exiftool: One small gimmick

I have a list of tools that are veritable Swiss Army knives — things that can do so much that I could probably dedicate an entire week on how to use them.

On the other hand, they don’t have much of an interface, which makes them only vaguely interesting to me as console applications.

But they’re great things to have on hand. Today I’ve got exiftool to show, which is really clever if you lean toward obsessive-compulsiveness, like I do.

Let me explain. I like personal photos and wallpaper and so forth — lists of image files — to show their dimensions in their file name. I.e.,


Maybe I’m not alone on that. But without some way of pulling the dimension information from the file and appending it to the name, it becomes a hideous chore.

exiftool can do this in one fell swoop, like this:

exiftool -ext 'jpg' '-filename<%f_${ImageSize}.${FileType}' .

One command, and the entire folder gets manhandled in seconds. Change the extension as you like, or just use a splat to attack everything.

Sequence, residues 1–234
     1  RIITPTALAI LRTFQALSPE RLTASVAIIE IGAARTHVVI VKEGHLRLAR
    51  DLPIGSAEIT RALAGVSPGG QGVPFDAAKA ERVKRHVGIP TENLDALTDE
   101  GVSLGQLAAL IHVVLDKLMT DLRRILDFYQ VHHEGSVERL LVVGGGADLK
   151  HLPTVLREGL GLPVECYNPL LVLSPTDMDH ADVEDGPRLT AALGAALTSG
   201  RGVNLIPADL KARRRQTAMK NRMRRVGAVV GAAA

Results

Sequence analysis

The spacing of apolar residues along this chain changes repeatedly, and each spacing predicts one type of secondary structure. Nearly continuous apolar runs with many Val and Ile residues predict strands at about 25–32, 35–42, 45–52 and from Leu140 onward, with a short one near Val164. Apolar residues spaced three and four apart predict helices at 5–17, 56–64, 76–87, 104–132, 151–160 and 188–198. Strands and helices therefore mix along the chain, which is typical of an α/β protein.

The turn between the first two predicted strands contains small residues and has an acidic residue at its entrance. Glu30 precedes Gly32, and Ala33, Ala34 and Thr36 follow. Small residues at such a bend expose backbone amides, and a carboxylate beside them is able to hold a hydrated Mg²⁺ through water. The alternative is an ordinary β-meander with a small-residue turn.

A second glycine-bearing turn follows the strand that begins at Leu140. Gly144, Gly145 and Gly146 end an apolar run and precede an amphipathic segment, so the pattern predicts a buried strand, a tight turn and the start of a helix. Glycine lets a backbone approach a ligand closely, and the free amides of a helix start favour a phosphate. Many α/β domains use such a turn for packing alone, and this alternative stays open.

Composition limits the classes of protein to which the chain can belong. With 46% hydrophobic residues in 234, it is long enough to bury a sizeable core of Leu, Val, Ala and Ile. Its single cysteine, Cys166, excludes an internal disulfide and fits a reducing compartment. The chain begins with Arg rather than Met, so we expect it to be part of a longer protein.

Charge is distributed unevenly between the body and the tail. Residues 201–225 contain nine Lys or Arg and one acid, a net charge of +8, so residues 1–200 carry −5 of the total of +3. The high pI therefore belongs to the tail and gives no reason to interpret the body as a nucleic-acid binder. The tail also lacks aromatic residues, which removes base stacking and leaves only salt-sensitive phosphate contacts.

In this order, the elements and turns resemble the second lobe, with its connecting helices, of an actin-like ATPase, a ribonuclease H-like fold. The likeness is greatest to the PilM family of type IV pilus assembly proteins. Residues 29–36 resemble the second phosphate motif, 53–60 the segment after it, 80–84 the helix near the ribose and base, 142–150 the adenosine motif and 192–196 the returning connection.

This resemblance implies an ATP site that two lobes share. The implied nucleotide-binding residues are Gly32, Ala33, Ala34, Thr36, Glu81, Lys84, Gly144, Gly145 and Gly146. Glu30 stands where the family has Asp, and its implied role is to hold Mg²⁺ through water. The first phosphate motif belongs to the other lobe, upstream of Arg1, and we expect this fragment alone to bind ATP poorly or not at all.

The downside, if you can call it that, is there’s nothing to show while exiftool does its thing. There’s no interface, no navigation boxes, no confirmation or onscreen help.

It just does what it’s told, and shuts up. Which is an admirable trait, I suppose. … 😐

P.S.: Bonus! Latest update only days ago! 😀

4 thoughts on “exiftool: One small gimmick

  1. Rhino Jockey

    Take a peek at exiv2 also. A part of my photo handling script says: exiv2 -F rename *.jpg. It renames the image to the time it was taken, so img_1234.jpg becomes 20130330_145349.jpg. Very useful to keep them in order, becomes easy to handle them via scripts if need be, and invaluable when compiling timelapse movies from your images 🙂

    For arch: https://www.archlinux.org/packages/extra/i686/exiv2/

    And thanks for the blog. I usually read it while waiting for the morning coffee to kick in 🙂

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